Dementia Patients Like Sandra Day O’Connor May Hold Key to Cure
The former Supreme Court justice retired to help her husband battle Alzheimer’s. Research suggests there may be clues to the cure in that relationship.
Former Supreme Court Justice Sandra Day O'Connor’s announcement on Tuesday that she is in the “beginning stages of dementia, probably Alzheimer's disease” came a decade after she retired to care for her husband, who suffered and died from the same condition.
We know frustratingly little about Alzheimer’s. It primarily occurs among older adults. It’s characterized by dementia and deformed proteins. But what causes one person over another to get it is still unclear.
Researchers believe couples are a promising area of research because they’re ideal subjects. They live together and are exposed to the same environment that could help separate the genetic aspect of Alzheimer’s from diet, pollution, and other factors. Couples are usually not related either, which helps isolate the genetic component.
One trend researchers have identified is that caretakers of Alzheimer’s patients—people like O’Connor—may have a higher risk of developing dementia themselves.
In 2010, a research team published a paper in the Journal of the American Geriatric Society that found when one partner had Alzheimer’s and the other took on the role of caretaker, the caretaker was 66 percent more likely to develop dementia in the next decade. Researchers were not able to say why it happened, however.
Interestingly, another paper published last year in the Journal of Neurology, Neurosurgery and Psychiatry associated being married with a lower risk of dementia. Lifelong singletons had a 42 percent higher risk of developing dementia than their coupled counterparts, while those who were widowed had a 20 percent elevated risk.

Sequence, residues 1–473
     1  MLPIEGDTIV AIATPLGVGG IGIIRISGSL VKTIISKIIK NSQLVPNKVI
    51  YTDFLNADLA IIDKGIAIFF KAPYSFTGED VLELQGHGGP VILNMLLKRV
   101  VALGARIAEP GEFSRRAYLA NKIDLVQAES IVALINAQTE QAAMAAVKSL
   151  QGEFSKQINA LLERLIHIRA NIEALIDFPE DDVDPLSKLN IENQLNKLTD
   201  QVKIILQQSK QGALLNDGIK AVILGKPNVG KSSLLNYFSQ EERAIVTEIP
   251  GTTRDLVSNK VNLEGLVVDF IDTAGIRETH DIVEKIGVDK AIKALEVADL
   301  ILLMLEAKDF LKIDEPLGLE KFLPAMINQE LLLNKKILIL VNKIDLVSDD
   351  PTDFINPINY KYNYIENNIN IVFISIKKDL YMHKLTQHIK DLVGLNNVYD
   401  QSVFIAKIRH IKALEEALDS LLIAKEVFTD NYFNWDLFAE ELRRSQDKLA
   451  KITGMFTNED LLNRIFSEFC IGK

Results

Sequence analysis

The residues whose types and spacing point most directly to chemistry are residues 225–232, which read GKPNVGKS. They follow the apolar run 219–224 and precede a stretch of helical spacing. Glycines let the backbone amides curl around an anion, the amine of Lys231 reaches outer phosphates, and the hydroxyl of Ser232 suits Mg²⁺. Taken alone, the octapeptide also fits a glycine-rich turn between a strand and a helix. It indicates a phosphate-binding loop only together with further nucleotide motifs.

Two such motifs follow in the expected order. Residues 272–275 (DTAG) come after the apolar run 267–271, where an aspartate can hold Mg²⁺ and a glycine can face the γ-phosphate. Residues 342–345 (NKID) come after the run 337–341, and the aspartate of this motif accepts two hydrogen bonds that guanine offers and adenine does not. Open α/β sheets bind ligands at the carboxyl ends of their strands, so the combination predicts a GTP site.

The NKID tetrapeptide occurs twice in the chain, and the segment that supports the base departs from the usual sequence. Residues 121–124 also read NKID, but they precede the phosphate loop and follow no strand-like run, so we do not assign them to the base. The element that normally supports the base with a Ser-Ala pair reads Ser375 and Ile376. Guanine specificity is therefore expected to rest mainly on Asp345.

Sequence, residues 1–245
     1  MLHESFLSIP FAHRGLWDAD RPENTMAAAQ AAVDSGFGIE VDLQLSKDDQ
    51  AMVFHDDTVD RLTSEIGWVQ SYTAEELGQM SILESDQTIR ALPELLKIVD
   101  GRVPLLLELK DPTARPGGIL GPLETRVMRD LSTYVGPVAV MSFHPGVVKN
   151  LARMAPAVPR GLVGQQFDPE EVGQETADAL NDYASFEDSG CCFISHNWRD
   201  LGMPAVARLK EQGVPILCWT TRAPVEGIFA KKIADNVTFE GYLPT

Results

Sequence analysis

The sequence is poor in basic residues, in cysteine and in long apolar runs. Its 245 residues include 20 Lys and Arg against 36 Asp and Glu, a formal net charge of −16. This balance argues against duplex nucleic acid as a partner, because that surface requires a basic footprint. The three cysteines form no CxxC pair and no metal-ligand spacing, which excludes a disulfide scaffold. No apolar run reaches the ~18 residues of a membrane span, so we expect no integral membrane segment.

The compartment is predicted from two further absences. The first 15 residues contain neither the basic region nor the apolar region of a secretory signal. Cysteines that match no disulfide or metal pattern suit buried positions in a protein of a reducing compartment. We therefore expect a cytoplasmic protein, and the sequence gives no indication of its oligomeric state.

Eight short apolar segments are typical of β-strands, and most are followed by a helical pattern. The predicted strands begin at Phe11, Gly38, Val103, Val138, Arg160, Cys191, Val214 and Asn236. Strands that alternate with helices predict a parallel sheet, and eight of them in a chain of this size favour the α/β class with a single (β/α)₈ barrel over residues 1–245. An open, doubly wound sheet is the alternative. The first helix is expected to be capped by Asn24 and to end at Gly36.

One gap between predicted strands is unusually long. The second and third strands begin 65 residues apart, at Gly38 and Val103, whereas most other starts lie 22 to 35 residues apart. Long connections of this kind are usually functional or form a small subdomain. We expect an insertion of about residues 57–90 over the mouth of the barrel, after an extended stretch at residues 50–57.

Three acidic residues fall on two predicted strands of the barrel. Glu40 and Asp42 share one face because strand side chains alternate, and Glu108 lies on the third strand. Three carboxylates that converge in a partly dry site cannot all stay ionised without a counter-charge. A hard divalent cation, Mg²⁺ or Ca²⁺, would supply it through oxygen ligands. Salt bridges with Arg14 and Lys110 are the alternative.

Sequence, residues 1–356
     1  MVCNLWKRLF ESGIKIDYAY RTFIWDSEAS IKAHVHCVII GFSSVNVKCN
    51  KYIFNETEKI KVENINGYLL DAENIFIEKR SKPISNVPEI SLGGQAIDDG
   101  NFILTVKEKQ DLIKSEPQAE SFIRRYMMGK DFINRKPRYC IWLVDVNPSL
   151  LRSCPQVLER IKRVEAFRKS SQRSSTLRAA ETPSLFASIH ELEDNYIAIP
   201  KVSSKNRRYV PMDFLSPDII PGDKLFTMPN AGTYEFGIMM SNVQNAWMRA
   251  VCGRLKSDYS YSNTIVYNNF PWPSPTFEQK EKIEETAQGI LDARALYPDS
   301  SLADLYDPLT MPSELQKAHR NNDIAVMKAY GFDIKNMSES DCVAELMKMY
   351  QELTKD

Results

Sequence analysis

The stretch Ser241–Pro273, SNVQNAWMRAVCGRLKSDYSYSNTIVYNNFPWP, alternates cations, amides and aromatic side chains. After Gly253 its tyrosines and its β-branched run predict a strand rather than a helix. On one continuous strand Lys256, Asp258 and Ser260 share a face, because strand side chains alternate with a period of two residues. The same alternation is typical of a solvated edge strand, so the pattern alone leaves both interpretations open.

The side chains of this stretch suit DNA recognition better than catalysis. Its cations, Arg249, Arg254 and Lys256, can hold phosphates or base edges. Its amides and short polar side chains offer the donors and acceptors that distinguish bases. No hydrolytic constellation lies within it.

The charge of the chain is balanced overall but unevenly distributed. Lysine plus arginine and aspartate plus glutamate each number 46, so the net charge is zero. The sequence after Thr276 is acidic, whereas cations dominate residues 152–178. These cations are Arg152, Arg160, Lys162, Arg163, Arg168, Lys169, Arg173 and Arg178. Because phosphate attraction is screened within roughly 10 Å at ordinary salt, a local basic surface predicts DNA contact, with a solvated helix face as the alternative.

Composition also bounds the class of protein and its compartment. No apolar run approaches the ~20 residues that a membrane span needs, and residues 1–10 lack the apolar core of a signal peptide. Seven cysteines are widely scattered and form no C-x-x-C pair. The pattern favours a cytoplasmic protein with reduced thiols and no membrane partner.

An author of that paper told CNN that simply being married wasn’t the key factor. “Instead, our research suggests that the possible protective effect is linked to various lifestyle factors which are known to accompany marriage, such as living a generally healthier lifestyle and having more social stimulation as a result of living with a spouse or partner,” he said.
Widows, like O’Connor, present an interesting data point for Alzheimer’s researchers, with dueling results.
The 2017 study suggests that widows were 20 percent more likely than married couples to get dementia—perhaps due to the lack of social interaction—but still at lower risk than someone who was single for their entire life. But a 2014 study from the Mayo Clinic came to the opposite conclusion: Among 1,078 subjects, married people developed dementia at a younger age (an average of 83 years old) than their widowed counterparts (around 92 years old).
Underlying the studies is the acknowledgement that the spouses of Alzheimer’s patients bear a huge burden—what some have dubbed “caregiver stress syndrome.” Rates of depression are high among caregivers, and some researchers wonder if there is a neurological switch that flips when a person becomes a caregiver that ups their own risk of Alzheimer’s. Others cite the fact that the healthy partner struggles with communication, making it feel as if the partnership that previously existed didn’t any more and negatively impacting the social benefits of marriage.
If anything, research underscores how important it is for couples to maintain active social lives. Studies have repeatedly shown that’s a key factor in neurological health—a cause for concern since we face a loneliness epidemic that is especially pronounced among the elderly.